Last night on the plane there was kid behind us trying to learn to tie a bow.
"Make the bunny ears... go around the loop... through the hole...."
I smiled to myself because I immediately started thinking about differentiation. I wondered if there were any other teachers out there who can't get through normal life without seeing things through the lens of a learner. Take shoe tying, for example. This kid obviously the kind of learner that needed the classic "bunny ear" metaphor in order to learn to tie shoes. If you've ever had an engineer in your family, then you know that some kids won't learn to tie their shoes until they understand how it works. Or if you've ever had a five year old with more fashion sense than you do, then you know than some kids won't learn until they see the cutest pair of shoes with laces and mommy I need those and then suddenly they have taught themselves to tie.
The kid on the plane apparently, was neither an engineer or budding fashion prince. After a few minutes frustration he whined "Why do I even have to learn to tie?"
The mom, clearly suffering from flight anxiety, answered "because it's important". Ouch, I hate that answer and so do all the other parents and teachers and kids. But as someone who also suffers from flight anxiety, no judgement.
Then the kid gave the best answer ever:
"Shoes are NOT important. They are dirty because they go on the ground and we walk on them. Actually they are kind of gross. Tying them is not important because shoes are not important. So how can shoe tying even be that important."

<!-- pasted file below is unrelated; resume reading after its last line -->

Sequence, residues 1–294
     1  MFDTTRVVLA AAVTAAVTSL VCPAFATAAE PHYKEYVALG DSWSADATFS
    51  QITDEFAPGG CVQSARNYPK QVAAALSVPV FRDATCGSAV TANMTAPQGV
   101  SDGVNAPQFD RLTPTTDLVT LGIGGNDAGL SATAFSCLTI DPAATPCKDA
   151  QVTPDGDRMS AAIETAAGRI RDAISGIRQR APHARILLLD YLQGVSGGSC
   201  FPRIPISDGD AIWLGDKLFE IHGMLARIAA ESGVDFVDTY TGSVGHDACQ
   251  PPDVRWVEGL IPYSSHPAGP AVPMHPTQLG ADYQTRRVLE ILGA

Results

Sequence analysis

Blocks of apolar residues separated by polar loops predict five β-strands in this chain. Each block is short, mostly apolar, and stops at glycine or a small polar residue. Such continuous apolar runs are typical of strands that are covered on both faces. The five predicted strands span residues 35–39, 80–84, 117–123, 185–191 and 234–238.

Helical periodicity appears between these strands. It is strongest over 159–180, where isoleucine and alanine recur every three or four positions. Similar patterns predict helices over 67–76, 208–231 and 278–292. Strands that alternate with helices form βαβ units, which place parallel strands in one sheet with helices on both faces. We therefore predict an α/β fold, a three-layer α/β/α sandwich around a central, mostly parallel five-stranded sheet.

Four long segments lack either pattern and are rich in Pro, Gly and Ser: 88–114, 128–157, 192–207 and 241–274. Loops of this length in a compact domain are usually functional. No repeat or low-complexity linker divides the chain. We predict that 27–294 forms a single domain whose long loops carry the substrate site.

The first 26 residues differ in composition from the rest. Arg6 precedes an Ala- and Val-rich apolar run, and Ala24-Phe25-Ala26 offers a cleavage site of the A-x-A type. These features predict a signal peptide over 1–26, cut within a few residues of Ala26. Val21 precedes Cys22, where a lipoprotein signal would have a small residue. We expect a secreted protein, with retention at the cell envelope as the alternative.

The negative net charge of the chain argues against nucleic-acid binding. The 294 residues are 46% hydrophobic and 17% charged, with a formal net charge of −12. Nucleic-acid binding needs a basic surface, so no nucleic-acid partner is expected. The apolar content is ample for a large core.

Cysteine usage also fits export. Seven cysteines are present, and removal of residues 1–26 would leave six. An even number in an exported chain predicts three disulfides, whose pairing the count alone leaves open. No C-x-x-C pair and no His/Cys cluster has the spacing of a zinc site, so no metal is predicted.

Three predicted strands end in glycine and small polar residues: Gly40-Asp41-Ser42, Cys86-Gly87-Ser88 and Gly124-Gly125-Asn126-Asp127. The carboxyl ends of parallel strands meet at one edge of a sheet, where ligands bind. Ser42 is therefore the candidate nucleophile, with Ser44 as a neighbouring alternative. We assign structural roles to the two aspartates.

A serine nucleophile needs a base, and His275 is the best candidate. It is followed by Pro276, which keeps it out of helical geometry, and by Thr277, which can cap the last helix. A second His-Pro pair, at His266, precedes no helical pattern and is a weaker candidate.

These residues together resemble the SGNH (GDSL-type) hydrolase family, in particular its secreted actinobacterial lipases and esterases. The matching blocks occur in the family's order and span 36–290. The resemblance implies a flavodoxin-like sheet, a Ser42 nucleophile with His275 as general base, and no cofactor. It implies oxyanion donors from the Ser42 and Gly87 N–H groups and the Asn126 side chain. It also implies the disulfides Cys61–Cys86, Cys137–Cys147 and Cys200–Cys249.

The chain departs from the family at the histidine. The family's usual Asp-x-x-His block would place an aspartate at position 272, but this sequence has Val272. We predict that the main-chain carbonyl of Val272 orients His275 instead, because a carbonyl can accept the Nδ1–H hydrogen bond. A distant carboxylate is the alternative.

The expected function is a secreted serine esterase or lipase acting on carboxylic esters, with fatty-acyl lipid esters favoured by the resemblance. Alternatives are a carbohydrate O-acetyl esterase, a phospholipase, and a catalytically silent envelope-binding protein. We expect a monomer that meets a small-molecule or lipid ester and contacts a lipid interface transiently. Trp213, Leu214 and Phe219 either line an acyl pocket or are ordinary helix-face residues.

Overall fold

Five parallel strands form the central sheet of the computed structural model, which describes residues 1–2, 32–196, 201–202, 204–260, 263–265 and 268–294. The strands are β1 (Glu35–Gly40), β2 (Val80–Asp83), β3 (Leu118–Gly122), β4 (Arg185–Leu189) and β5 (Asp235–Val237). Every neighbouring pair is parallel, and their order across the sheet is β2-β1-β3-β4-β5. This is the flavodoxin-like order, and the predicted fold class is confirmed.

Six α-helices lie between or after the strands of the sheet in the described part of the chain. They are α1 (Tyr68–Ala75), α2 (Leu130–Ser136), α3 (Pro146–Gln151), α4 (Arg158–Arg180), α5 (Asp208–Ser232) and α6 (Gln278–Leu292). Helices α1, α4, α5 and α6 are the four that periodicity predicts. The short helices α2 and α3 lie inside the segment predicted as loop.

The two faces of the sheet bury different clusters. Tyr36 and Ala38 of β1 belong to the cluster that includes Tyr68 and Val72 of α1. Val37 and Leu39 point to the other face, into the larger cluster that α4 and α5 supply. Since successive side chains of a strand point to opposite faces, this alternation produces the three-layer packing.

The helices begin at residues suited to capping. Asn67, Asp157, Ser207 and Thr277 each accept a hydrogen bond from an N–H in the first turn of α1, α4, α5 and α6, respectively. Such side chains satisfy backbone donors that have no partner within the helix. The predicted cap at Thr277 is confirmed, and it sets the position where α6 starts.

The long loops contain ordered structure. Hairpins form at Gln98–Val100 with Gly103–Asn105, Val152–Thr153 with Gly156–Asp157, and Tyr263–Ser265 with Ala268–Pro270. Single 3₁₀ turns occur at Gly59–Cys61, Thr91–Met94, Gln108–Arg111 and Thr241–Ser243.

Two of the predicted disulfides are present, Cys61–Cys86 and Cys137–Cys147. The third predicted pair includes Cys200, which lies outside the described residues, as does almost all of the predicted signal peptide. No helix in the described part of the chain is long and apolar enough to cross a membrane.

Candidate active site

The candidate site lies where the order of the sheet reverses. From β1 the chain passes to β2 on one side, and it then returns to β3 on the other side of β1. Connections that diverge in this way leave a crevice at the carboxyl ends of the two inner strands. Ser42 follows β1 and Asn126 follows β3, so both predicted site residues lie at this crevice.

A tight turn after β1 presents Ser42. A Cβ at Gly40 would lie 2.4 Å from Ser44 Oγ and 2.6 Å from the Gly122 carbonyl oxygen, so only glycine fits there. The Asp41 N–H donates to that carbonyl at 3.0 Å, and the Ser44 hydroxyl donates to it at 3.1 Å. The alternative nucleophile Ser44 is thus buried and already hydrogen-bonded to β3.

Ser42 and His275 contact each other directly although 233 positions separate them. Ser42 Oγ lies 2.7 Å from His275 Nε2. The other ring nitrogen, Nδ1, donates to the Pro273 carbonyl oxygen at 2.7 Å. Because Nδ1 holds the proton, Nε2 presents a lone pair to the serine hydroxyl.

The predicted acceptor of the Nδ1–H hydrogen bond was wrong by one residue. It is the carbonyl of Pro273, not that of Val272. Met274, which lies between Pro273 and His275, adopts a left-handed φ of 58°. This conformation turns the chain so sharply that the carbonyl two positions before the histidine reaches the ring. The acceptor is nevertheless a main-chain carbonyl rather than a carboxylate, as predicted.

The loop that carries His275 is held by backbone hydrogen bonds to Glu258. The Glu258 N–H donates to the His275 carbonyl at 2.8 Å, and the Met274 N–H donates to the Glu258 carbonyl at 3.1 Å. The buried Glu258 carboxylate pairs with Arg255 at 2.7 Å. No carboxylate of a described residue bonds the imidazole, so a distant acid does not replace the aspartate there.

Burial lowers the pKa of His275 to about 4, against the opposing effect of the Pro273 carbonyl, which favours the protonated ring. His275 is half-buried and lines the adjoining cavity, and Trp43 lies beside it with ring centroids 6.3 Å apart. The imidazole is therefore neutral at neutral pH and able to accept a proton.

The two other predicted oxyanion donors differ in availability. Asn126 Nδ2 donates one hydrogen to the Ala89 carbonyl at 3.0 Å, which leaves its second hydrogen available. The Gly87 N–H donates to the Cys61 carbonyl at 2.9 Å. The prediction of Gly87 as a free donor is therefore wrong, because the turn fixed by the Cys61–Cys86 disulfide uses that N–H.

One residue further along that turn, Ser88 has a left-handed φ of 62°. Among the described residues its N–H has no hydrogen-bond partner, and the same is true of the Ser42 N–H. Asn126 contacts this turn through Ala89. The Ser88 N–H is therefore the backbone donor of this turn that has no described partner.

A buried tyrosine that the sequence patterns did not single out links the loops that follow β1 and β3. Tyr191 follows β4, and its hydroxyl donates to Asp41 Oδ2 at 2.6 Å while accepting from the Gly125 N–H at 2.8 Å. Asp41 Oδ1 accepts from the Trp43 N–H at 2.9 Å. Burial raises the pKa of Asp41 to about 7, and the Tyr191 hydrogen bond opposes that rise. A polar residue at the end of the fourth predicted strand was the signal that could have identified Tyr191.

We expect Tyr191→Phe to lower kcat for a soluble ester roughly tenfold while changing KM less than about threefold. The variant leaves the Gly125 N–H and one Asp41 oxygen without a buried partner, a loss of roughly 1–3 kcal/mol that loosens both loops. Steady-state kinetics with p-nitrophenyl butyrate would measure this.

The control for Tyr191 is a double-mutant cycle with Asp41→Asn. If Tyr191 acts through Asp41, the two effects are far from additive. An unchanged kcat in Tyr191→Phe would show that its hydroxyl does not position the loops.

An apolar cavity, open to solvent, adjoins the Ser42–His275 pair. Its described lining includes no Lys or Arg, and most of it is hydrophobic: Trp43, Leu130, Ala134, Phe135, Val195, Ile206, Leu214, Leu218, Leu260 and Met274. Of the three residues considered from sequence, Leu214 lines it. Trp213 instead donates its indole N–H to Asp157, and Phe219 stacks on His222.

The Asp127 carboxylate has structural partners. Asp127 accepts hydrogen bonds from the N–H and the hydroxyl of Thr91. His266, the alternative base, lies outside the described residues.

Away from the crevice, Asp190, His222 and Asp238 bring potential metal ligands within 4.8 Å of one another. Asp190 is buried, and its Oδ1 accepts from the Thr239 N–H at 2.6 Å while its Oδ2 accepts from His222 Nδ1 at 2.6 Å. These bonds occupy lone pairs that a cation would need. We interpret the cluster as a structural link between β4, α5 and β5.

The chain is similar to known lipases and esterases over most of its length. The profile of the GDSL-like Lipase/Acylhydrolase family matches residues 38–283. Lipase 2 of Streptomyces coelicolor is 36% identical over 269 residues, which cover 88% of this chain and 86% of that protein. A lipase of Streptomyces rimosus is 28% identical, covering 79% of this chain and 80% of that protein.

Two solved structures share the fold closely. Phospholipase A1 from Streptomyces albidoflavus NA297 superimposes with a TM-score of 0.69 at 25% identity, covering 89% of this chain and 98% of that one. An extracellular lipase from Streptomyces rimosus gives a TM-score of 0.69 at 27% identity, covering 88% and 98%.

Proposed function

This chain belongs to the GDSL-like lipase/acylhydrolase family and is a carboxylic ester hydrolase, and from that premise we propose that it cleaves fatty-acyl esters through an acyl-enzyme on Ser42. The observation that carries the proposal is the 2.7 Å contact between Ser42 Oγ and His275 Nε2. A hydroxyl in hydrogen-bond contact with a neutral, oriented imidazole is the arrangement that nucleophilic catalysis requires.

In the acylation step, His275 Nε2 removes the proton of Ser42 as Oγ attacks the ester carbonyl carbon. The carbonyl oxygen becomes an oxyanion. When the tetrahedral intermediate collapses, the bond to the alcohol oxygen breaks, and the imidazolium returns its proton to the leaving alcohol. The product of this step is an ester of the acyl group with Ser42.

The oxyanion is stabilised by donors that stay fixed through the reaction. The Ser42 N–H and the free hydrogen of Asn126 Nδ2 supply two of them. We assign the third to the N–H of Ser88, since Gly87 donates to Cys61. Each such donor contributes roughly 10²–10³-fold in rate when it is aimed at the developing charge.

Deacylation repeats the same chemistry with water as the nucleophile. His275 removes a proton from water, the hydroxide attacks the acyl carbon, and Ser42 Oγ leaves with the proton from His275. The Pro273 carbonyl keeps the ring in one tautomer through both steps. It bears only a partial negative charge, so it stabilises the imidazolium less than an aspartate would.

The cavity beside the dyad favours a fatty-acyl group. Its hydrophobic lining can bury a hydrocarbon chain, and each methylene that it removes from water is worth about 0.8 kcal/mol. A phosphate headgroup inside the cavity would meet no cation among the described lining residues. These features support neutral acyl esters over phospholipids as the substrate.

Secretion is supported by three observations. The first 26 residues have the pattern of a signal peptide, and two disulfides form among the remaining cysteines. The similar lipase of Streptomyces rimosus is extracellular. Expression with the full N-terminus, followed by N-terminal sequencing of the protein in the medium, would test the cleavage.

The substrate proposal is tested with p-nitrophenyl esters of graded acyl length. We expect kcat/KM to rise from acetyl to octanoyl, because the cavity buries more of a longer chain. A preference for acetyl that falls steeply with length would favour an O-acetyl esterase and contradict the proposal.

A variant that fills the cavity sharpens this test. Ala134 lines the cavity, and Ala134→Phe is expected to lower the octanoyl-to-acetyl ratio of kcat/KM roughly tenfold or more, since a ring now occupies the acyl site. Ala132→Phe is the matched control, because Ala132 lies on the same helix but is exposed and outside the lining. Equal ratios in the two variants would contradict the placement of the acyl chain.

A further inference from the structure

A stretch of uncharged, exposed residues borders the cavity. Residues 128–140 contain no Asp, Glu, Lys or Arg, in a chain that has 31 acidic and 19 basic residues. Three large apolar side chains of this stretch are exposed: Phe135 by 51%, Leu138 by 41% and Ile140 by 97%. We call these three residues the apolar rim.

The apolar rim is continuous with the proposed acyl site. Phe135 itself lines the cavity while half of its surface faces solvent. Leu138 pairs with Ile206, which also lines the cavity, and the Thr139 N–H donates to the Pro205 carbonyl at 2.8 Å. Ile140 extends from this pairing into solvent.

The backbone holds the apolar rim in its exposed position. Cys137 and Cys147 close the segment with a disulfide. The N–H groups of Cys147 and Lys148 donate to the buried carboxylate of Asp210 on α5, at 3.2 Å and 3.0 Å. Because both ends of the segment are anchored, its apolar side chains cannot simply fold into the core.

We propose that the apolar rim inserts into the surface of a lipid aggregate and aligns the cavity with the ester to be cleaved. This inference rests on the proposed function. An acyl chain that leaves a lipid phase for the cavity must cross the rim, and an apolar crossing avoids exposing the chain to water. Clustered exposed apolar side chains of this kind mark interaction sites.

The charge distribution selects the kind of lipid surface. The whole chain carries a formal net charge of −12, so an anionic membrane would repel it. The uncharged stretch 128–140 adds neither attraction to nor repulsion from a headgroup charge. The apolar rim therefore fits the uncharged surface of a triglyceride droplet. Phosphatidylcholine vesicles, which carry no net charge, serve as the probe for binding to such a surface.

In my classes, I will always tie shoes if needed. I think it's absolutely ridiculous that kids come to school and can't tie their own shoes, but I'll tie them, nonetheless. After all, I understand that a teacher-tie can last so much longer than a kid-tie and often longer than hastily done parent-tie. I also understand that sometimes kids just want an adult to show them 30 seconds of attention. I know this because I've caught kids untying their shoes seconds before asking me to tie their shoes.
Still, I can't help but give the kids a tiny bit of hard time. I tell them I charge. I can tie a mean double knot thanks to my dad, the runner, who taught me how to tie a shoe so it won't come untied. So my shoe ties are expensive.
"Mrs. Awesome, will you tie my shoes?"
"Sure, but it'll cost you ten bucks."
They have to decide if I'm joking or not before they'll put out a willing foot for tying service.